Simple — But Complicated

If you’re prepping a gun for a finish with bead-blasted edges and polished flats, keep this in mind — every mark you put on those flats will have to come out. So don’t scuff up the flats during the work, and don’t bead blast them either. Protect the flats with tape while you’re working, and again when you blast the round bits. I carefully mask the flats with two layers of Frog tape (it holds up best in an abrasive cabinet), and trim with the edge of a razor blade for a clean line. Don’t concentrate the media on the edges of the tape, or it’ll lift the tape. Sneak under and roughen up the finish you have to polish. Once the bead blasting is done, carefully peel the tape and touch the blasted edges as little as possible.

On to the polishing. The goal here is a flat surface, polished to the same sheen and luster overall. Most of the newer frames are pretty flat, but a lot of the older Colt frames have little hills and valleys adding a real challenge to the job. Let’s take the easy path first. With a reasonably flat surface, you have very little correction to do, so pick a good starting grit (usually 320, unless you’ve put a few dings or scratches in while working). Use a good grade of wet/dry paper, and don’t be skimpy. When it loads up, change it.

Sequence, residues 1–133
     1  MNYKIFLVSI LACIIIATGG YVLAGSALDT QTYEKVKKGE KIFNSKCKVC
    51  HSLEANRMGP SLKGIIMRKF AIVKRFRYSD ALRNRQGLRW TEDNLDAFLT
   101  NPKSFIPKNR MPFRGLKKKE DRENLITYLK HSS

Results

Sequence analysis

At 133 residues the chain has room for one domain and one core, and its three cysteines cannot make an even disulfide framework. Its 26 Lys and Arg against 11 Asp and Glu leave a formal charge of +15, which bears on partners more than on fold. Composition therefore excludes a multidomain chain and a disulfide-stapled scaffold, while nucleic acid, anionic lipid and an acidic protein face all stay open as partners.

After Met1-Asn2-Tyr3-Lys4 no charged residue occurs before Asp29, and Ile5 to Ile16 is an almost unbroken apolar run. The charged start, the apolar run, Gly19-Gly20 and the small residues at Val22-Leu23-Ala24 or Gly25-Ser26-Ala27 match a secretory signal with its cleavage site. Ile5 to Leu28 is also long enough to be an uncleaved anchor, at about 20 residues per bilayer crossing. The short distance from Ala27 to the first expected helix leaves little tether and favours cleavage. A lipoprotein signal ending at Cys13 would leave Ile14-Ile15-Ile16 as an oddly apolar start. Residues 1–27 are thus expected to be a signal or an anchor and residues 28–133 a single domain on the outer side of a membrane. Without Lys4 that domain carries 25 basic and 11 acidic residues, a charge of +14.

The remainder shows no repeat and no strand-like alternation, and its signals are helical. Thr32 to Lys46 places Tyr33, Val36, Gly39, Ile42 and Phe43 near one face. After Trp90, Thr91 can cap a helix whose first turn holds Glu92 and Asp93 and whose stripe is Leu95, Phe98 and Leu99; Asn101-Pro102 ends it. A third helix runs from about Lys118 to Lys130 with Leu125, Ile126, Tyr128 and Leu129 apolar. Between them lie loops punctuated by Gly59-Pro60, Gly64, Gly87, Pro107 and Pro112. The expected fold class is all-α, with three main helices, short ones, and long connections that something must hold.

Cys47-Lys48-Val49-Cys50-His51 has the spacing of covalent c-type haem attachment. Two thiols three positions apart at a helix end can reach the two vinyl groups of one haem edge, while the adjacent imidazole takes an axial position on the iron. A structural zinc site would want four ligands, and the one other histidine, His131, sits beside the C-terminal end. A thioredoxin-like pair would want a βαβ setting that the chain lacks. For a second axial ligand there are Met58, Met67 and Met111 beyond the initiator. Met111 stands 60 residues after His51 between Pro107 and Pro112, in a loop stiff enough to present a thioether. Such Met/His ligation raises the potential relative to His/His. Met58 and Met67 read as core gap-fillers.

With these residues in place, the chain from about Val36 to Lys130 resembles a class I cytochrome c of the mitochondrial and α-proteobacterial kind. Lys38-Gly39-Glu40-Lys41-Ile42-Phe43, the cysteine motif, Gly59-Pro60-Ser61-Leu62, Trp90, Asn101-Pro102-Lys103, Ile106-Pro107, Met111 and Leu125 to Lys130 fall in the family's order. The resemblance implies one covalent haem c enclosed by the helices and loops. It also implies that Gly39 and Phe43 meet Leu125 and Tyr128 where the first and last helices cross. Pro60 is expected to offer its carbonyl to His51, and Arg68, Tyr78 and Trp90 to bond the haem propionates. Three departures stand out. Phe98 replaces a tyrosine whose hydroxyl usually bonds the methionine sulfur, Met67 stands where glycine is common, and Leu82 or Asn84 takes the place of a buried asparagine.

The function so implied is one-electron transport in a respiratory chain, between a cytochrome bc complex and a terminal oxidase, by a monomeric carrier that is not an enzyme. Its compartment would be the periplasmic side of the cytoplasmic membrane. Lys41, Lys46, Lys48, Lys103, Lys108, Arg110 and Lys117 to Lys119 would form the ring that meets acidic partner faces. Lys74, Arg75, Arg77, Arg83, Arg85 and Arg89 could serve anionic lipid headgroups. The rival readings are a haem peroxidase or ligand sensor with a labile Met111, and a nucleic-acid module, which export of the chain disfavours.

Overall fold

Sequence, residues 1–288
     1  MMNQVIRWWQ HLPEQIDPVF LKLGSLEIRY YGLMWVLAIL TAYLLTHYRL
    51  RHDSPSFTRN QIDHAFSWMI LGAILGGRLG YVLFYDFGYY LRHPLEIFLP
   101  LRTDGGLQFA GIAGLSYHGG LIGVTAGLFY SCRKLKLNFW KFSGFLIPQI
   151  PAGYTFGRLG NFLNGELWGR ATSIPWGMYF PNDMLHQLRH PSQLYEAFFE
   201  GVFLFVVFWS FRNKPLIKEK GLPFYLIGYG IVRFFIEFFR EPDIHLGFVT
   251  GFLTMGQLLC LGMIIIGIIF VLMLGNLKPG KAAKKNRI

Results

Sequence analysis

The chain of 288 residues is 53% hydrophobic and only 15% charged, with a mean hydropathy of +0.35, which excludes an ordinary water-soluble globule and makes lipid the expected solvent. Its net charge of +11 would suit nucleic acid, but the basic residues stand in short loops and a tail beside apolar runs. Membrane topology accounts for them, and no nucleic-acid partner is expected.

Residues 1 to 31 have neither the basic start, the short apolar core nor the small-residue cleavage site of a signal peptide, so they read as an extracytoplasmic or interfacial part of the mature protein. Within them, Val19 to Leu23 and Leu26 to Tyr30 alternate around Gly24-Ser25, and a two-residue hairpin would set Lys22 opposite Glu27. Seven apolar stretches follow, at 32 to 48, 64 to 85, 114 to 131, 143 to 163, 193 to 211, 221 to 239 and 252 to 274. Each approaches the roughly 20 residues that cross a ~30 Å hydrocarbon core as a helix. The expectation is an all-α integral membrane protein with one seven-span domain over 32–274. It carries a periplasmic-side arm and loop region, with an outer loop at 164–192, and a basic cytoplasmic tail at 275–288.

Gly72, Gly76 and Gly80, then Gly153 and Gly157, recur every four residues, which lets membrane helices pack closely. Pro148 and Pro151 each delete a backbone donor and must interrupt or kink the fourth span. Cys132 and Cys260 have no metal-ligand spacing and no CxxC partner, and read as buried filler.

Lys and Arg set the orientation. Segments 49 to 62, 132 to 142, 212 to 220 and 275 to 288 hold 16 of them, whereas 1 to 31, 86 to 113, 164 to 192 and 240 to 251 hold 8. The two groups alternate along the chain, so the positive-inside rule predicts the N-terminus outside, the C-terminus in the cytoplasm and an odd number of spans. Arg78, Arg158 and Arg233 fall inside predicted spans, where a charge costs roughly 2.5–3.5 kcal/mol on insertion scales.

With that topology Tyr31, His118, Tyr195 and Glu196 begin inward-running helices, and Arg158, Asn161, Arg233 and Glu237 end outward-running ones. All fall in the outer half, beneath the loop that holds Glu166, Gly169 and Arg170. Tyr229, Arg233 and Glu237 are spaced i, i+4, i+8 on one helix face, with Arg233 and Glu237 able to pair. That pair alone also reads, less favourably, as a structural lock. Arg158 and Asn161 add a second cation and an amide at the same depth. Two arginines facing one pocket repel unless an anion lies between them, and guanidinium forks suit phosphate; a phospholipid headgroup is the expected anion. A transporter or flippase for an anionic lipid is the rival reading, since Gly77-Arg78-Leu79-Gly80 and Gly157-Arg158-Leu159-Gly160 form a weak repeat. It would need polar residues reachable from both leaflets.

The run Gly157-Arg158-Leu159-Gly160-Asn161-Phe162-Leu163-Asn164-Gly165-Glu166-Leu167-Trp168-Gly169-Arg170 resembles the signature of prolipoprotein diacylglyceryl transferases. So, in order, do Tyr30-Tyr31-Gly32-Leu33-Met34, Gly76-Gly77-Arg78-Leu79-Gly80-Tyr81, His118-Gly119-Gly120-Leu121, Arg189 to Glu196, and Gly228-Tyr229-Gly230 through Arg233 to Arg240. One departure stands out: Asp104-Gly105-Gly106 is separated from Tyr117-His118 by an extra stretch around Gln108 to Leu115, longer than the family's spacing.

I use a flat steel block for sanding, but mine is a little different than the norm — it’s 2.5" x 5" and about 1" thick, weighing a couple of pounds. This does two things for me. It controls the block, and running it dead flat is easier. And the weight means the block does the work. Whenever possible, run the paper in one direction. Every time you change direction, you put marks into the finish. Decrease grit size in small increments (don’t go from 220 to 600). It greatly reduces the overall amount of material you end up removing, and quickly reveals any fine scratches you may have missed. Once finished, protect those flats from fingerprints, impacts with other parts and humidity until you can get them to the finisher.